Instapundit quotes reader Brett Deal of North Carolina on Elizabeth Dole's federalization of the drinking age. Go read it, if you haven't already. Then come back (please!) and read these additional points:
1. Instapundit's penultimate comment: "There's also some evidence that raising the drinking age has made problem-drinking by 18-20 year olds worse, by moving them from bars (where there are people watching) to dorm rooms, etc., where there aren't."
To judge from my own experience, it's even worse than that. When I was an undergraduate at St. John's College (Annapolis) in the early 1970s -- admittedly a highly atypical college then and now --, my friends and I spent very little time in bars. Instead, we had a lot of wine-and-cheese parties for two or more, the occasional school-wide waltz party with champagne and strawberries, and plenty of other parties at which beer and hard liquor were consumed. However, we also had parties with the faculty. Near the end of each semester, nine out of ten teachers would invite their various classes over to their homes (one class at a time) for cheese, crackers, fruit, and of course wine and beer and sometimes (in the spring) mint juleps made with fresh-cut garden-grown mint. The tenth of ten was generally considered a jerk. In short, we learned how to drink like adults from adults. Of course, even then there were alcoholics and binge drinkers among the students and sometimes the faculty, but the general level of civilization in drinking habits was relatively high. Many years later, as a university instructor, I found that relations with students were necessarily much more distant than they should have been. Colleagues occasionally served wine or beer to undergraduates in parties at their homes, but this was far less frequent, since it is now a crime. Just about the only legal choices today are beerless back-yard cookouts and cookies-and-milk parties. It does indeed tend to puerilize the students.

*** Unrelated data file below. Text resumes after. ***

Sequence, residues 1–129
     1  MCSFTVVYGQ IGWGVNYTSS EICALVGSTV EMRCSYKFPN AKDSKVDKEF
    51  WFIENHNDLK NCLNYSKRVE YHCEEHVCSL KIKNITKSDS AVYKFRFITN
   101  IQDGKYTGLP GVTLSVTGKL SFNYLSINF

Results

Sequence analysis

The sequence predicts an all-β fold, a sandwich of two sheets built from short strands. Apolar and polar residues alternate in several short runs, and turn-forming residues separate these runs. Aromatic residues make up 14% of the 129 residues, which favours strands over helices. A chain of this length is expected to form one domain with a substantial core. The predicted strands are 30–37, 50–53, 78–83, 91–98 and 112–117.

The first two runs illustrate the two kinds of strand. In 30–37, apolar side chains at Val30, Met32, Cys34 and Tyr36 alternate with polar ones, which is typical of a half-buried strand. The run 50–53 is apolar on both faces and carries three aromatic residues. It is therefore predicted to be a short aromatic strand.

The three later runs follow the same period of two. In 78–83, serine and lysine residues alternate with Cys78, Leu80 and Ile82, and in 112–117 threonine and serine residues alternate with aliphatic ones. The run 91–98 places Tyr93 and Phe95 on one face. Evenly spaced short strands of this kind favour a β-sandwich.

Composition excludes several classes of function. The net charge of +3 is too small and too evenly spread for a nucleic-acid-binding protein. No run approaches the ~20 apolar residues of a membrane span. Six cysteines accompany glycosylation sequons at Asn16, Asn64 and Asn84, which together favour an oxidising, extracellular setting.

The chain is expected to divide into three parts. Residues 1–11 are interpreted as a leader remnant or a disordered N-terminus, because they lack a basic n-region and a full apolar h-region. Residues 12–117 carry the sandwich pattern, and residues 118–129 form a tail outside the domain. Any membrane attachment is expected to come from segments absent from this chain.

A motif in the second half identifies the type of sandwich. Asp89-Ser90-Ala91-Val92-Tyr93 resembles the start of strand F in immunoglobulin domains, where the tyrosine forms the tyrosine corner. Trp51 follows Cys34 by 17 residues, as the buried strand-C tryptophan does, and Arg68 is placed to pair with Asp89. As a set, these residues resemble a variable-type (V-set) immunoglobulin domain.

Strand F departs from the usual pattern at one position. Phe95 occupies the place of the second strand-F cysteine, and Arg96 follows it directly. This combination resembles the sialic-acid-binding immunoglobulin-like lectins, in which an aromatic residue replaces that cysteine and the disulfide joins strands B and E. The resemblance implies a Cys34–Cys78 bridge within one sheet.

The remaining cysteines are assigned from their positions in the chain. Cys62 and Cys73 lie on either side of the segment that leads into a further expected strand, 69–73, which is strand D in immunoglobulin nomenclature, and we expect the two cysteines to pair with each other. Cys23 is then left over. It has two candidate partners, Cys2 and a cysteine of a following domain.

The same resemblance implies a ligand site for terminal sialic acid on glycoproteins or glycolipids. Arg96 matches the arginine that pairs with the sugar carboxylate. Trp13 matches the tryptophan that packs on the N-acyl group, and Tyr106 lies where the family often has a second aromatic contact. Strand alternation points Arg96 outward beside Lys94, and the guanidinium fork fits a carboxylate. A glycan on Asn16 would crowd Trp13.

2. Though I cannot prove it, I have a strong impression that smokers have gotten ruder since I was in college, that is, a lot more prone to toss their butts anywhere they please. (I've never been a smoker or an anti-smoker, so I don't think that's affecting my judgment.) A likely reason is easy enough to find. Even the most polite smokers are now treated like scum by a large portion of the population -- including many who pride themselves on their tolerance --, so there is far less incentive to be polite if you smoke. I think that making under-21 drinking illegal has had much the same effect and for similar reasons. If the mere fact of drinking is already a crime, why not toss your empties out the car window or puke on the sidewalk or piss on the neighbors' rose bushes? (Well, the danger from thorns should discourage the last -- see Tom Sharpe's Wilt for a terrible, though fictional, warning.)Posted by Dr. Weevil at February 27, 2002 10:00 PM